This tells you something about the number of times the gene and trait co-emerged in the evolutionary history of your sample. Consider the two following trees. In both scenarios, the gene perfectly predict the trait status, with 10 positive and 11 negative isolates, corresponding to a naïve p-value of 2.8E-6. However, in the first tree, there is a maximum of two non-intersecting contrasting pairs, which must be considered relatively weak evidence for a causal link between this gene and the trait. There can be many other evolutionary events at the stars that explain the observed distribution equally well as this gene. In the second tree, however, there is a maximum of seven possible non-intersecting contrasting pairs, which implies that this gene and the trait co-emerged seven times. This would be considered far stronger evidence for a causal link between the gene and the trait.

A not-so-significant link between gene and trait

A very significant link between gene and trait

One must also consider that there might be multiple ways of picking the maximum number of contrasting pairs, and of all these possible sets of pairings, some might provide more support for A->B than others. Consider the following tree:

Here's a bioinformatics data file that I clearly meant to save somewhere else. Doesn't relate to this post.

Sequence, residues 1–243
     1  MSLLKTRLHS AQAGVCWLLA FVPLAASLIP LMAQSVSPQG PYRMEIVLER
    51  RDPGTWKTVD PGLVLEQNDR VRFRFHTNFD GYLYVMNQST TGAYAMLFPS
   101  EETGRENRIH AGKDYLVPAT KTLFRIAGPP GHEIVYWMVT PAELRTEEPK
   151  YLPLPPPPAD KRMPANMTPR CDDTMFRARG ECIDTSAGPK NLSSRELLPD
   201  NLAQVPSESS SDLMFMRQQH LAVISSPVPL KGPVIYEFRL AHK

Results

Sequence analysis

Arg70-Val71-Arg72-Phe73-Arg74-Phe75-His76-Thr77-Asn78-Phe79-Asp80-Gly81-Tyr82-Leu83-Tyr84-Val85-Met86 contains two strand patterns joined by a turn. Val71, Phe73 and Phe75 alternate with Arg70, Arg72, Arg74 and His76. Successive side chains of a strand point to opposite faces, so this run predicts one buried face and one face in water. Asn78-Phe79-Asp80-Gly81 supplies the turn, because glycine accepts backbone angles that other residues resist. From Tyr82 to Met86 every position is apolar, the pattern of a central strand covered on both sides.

A best possible pairing

The above tree has a maximum of 6 contrasting pairs, and in this tree the pairs have been chosen so that all pairs support A->B. (The presence of the gene caused the presence of the phenotype). However, in this particular tree we could also have picked 6 contrasting pairs where not all pairs supports this. See for example this pairing:

A worst possible pairing

The above tree has the same topology and terminal states, and the same number of contrasting pairs, but now we have chosen pairs so that 5 pairs support A->B while 1 pair oppose it (It suggests that A->b / a->B). This is a worst possible pairing which maintains the maximum number of contrasting pairs.